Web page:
And now we come to what may be the most striking feature of branding in higher education. Universities are corporate bodies, but they predate commercial corporations by many centuries. Long before the advent of packaged and branded goods, universities were certifying the quality of their students through the awarding of degrees.

Many criticisms of corporate branding apply equally to university degrees, and much of the voluminous literature on “credentialism” could be translated into the language of branding. The aim of degrees is, after all, to certify quality in the sense that a student has completed a course of study and acquired the associated knowledge and reasoning skills. And, as with brands that involve monopoly power, many degrees gain value from the fact that they are required for entry to particular professions. On the other hand, and with notable exceptions like the M.B.A., there has been little consistent effort to promote “brand image” to potential employers. Like a 19th-century brand, the degree has, in large part, gained its value from graduates rather than vice versa.

The rise of corporate-style branding has gone hand in hand with the devaluation of degrees through grade inflation. Grades in the A range have become the norm at leading universities. Reports that Princeton might roll back attempts to cap the proportion of A’s at 35 percent cite administrators’ fears that the policy discourages potential applicants and students’ complaints that it hurts their chances of getting jobs, fellowships, or spots in graduate or professional schools.

The “brand value” or “brand equity” of a company can be estimated as the intangible capital, beyond the company’s actual earnings, that may arise, as Chandler suggests, in three ways:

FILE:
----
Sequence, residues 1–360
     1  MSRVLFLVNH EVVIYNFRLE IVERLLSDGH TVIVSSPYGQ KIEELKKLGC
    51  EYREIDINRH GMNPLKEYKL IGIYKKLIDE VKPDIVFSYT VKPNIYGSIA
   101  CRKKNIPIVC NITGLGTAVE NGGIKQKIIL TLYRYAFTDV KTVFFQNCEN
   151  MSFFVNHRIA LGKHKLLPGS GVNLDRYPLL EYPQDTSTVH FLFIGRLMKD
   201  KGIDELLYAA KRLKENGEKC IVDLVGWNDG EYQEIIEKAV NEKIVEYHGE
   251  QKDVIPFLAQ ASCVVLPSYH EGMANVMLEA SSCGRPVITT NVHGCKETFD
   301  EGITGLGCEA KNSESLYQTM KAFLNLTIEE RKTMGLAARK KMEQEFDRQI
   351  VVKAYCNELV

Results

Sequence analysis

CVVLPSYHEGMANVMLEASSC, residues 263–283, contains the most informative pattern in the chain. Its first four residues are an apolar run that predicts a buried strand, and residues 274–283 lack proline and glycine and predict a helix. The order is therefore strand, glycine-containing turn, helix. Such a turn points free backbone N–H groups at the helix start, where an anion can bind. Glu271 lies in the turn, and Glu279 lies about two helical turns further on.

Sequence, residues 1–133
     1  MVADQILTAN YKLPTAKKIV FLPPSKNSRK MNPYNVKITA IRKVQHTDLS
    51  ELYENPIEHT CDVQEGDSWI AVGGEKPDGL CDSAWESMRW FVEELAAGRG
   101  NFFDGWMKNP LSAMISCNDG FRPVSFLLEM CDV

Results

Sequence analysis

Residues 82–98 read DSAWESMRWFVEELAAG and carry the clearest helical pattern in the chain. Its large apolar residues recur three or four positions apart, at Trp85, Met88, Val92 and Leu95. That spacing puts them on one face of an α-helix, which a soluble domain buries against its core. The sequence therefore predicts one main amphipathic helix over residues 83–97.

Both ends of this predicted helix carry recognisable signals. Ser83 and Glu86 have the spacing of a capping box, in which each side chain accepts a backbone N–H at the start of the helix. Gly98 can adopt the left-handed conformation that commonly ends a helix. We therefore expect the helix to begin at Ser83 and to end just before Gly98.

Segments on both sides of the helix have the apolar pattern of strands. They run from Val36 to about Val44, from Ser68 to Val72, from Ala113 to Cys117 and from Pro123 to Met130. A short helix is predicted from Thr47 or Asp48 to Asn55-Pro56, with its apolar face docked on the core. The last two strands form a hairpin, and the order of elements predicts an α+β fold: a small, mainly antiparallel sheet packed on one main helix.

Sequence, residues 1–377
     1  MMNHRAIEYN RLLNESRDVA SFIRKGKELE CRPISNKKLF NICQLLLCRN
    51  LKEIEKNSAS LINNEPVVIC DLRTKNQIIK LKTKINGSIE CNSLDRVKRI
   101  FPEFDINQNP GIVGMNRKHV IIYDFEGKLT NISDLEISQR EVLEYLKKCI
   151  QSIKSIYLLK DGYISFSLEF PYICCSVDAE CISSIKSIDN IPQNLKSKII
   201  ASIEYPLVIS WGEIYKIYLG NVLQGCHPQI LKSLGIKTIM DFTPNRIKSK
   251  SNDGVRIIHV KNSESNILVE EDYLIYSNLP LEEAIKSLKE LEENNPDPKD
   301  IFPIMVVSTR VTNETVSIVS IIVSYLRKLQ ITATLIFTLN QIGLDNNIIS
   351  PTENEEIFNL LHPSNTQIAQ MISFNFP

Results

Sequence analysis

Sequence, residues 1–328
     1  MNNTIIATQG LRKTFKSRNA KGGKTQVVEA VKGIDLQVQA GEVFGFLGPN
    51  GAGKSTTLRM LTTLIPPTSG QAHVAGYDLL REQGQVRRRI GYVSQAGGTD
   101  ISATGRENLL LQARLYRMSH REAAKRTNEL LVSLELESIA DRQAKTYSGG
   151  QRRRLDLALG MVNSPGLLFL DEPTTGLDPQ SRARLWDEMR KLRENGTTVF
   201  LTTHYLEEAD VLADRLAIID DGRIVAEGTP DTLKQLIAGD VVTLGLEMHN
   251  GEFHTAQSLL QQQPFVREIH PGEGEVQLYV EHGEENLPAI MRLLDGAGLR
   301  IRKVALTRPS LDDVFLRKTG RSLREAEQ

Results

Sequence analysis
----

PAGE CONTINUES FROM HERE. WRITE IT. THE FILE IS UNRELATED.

* The company is known to produce goods and services of a higher quality than competitors of similar cost (or similar quality at lower cost). Remember? That’s the 19th-century notion of brand.

* The brand reflects intangible attributes, through advertising, in the minds of consumers. That’s the early 20th century notion.

* A brand’s component products work best together or with those made by partner brands. That’s the late-20th-century lock-in notion.

It is appropriate, therefore, that the world’s most valuable brand is Apple, because it hits the trifecta. It is widely perceived as the highest-quality and most consistently innovative maker of computing devices. Its products carry a cachet of sophistication emphasized by the famous “I’m a Mac … and I’m a PC” ads. And (except for a brief period in the 1990s when Macintosh “clones” were marketed on a small scale) anyone who wants to use Apple operating systems has to buy an Apple device, and vice versa.

How do those concepts apply to universities and, in particular, to undergraduate education, which remains the core business of most of these institutions?

The 19th-century notion of quality is established in the minds of students, parents, and just about everybody else. In fact, it is so well established that rankings of leading universities have barely changed since the hierarchy was established, in the second half of the 19th century. A blog post by the sociologist Kieran Healy on Crooked Timber compares a ranking produced in 1911 with the most recent U.S. News rankings and finds a close correlation (except that elite private universities, as a group, have improved their status relative to state flagships).